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Arts group sent packing to make sale of building easier

By Bill Parry

The Center for Holographic Arts is being forced from its headquarters at the iconic Clock Tower in Long Island City later this month.

The art group, famed for its use of light to create images, will go out with a bang with a special farewell exhibit and party this Friday.

The neo-Gothic tower, officially known as the Bank of Manhattan Building, at 29-27 41st Ave., was the first skyscraper in the borough. It has been closed to the public since the mid-1980s before the art group No Longer Empty converted the space to be used for a special installation and exhibition during the winter of 2012.

The Center for Holographic Arts has been using the site since last fall as a free sublet space from the building’s owner, Andover Realty. It has been told to vacate by April 14.

News of the group’s eviction caused a stir in the real estate community where a close eye is kept on Long Island City properties.

“There is not a sale in place yet,” Andover Realty’s Lenny Garo said. “Holocenter is not paying rent, they are on a gratis basis because of the arts, but we’d like them out because we may sell and we want the property unencumbered. We’ve gotten several offers, but there is nothing set yet.”

When it opened in 1927, the 15-story building was the tallest in Queens. It was a designation held for the next 50 years. Its four-faced clock, at the northeast corner on Queensboro Plaza, is familiar to commuters on numerous subway lines and the Long Island Rail Road.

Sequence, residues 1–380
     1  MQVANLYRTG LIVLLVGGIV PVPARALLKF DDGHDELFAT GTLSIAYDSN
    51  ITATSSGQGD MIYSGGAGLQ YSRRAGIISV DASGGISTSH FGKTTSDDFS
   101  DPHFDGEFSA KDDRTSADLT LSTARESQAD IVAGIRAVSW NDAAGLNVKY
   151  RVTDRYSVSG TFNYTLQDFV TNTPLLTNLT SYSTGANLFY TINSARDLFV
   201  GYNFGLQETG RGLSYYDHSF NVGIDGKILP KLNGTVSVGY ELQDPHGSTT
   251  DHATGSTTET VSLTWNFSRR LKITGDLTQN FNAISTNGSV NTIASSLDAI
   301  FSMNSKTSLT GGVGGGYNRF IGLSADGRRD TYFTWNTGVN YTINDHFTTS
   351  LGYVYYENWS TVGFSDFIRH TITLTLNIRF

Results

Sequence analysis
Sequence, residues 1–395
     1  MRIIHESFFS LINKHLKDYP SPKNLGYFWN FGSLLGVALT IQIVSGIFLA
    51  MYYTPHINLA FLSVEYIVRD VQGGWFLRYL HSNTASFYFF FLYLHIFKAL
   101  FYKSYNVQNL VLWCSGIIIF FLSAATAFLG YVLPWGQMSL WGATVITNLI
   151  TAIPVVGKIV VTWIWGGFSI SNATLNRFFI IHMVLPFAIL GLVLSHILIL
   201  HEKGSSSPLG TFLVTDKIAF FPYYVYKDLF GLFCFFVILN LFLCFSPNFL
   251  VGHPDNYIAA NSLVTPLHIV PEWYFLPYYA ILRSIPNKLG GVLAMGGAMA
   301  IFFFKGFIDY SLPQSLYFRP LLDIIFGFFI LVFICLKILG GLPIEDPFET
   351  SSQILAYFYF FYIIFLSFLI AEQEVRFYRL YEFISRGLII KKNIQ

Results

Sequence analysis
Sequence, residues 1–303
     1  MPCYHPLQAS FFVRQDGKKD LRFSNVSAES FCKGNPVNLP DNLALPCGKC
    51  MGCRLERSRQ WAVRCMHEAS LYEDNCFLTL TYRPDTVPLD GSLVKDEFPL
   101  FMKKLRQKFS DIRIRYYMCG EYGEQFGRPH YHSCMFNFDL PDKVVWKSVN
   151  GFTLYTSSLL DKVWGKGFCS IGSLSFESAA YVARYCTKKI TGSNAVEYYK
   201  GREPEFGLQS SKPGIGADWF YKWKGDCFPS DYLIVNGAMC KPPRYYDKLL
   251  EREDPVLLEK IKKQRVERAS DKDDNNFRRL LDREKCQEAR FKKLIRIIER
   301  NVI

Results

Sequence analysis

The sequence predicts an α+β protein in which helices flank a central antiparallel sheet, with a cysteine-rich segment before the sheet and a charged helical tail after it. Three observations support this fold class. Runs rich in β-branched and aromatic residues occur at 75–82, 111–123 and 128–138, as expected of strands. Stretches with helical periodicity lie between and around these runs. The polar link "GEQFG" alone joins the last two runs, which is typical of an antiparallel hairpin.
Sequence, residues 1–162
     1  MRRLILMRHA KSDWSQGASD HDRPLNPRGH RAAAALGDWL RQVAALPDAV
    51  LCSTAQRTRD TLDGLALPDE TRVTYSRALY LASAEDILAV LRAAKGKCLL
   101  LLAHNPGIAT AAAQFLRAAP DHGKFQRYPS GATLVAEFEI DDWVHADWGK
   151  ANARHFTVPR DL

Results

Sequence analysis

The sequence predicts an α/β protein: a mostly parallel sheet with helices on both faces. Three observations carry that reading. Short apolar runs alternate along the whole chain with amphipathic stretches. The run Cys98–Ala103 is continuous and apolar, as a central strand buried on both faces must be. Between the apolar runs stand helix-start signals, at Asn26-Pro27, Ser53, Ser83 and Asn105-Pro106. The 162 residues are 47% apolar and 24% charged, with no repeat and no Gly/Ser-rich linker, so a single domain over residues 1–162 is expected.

The goodbye party is entitled “A Farewell Extravaganza” and is open to the public beginning at 8 p.m. The celebration includes live music, holograms, projections, performers, interactive installations as well as food and drinks. The original basement bank vault will be open one last time.

“We just wanted to give back to the community because Long Island City has been great to us,” projects director Jonah Levy said. “I’m personally talking to people at the Kaufman Arts District about finding a new space locally and the LIC Partnership and Richard Mazda from the LIC Arts Open is also helping us out.”

He added that Holocenter would like to stay in Long Island City, where it was formed in 1998 before moving to the Flux Factory in 2009. They are also looking at spaces in Astoria.

Reach reporter Bill Parry by e-mail at bparry@cnglocal.com or by phone at 718.260.4538.

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